Almost 600 international students study at UBC Okanagan.
Karen Robles would jump at the chance to work here, but if she has to move elsewhere, she will—as long as she can stay in Canada.
The Mexican native graduated from the University of British Columbia’s Okanagan campus mechanical engineering program in June. Having completed the four-year program she immediately signed up for another two years to get her master’s degree.
“I like B.C. so it would be nice to stay here,” says Robles of her future plans.
She would like to see more of Canada and is willing to move, but she is also willing to stay if the right opportunity presents itself.
The daughter of a surgeon in the Mexican city of Torreon, she knows of many classmates who are already working in their chosen field.
“Most of my friends already have a job. A lot of them are from here and most of them found jobs in B.C.,” she says, adding she would recommend coming to UBC Okanagan to her friends and family back home.
“If they could deal with the cold, I would recommend it,” she says with a laugh. “I think the professors here are amazing.”
Woody Cross, foreign skilled workers co-ordinator with the Central Okanagan Economic Development Commission, said there is still a demand for foreign workers in the region.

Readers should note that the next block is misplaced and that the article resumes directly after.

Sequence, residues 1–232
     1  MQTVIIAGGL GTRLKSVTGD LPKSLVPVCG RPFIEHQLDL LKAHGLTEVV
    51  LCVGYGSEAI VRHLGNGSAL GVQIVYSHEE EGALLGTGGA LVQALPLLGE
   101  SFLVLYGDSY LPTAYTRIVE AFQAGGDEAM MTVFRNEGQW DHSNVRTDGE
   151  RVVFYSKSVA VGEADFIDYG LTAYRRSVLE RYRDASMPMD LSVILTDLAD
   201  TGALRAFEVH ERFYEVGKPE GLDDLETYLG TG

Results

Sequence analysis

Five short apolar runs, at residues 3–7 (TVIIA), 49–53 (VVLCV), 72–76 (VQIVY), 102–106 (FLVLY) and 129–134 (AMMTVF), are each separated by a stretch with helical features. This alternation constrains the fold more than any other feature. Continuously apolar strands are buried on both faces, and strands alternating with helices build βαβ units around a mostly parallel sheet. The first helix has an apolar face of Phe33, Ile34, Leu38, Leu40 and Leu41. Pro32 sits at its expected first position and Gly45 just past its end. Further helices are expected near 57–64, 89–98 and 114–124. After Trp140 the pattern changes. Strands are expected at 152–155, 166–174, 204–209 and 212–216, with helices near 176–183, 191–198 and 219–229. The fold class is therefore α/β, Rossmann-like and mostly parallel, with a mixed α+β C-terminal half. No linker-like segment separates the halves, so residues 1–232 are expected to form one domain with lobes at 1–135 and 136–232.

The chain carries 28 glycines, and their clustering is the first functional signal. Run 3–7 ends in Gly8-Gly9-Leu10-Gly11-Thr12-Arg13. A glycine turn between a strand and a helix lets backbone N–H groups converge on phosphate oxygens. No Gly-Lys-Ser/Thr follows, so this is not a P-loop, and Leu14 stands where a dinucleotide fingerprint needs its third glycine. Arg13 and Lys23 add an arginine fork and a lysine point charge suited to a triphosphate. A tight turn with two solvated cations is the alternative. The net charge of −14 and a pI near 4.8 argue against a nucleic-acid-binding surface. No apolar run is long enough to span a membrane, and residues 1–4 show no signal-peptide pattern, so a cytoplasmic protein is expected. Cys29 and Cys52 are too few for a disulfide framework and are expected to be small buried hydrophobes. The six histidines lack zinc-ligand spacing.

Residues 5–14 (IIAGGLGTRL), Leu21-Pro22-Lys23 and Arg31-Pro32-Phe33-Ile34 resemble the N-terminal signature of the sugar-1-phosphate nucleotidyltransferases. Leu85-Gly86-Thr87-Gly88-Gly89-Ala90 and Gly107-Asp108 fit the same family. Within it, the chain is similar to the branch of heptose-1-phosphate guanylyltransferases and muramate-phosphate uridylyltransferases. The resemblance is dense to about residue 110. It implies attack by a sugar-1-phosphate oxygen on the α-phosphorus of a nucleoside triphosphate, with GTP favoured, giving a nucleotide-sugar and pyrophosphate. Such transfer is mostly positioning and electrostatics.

However, like most sectors, the demand has decreased from its peak before the 2008 global economic crash.
“It’s not the urgency it once was,” says Cross. “The tech sector still needs people for sure, but we’re not seeing the recruitment we saw three or four years ago, at least, not in this area.”
But that is not to say skilled workers need look elsewhere. Cross said there is still a need for engineers, nurses, IT specialists and other highly skilled positions.
Cross said he takes advantage of having highly skilled graduates right in his own backyard, adding he makes sure local employers know about graduates from UBC’s Okanagan campus.
Once they graduate, international students can get a three-year post-graduate work permit, and Cross said his office has programs in place to help graduate students gain permanent residency.
Teresa Flanagan, manager of international programs and services, said there are 591 international students representing 79 countries on campus this year, an increase of almost 100 students over last year.
In 2006, there were 127 international students.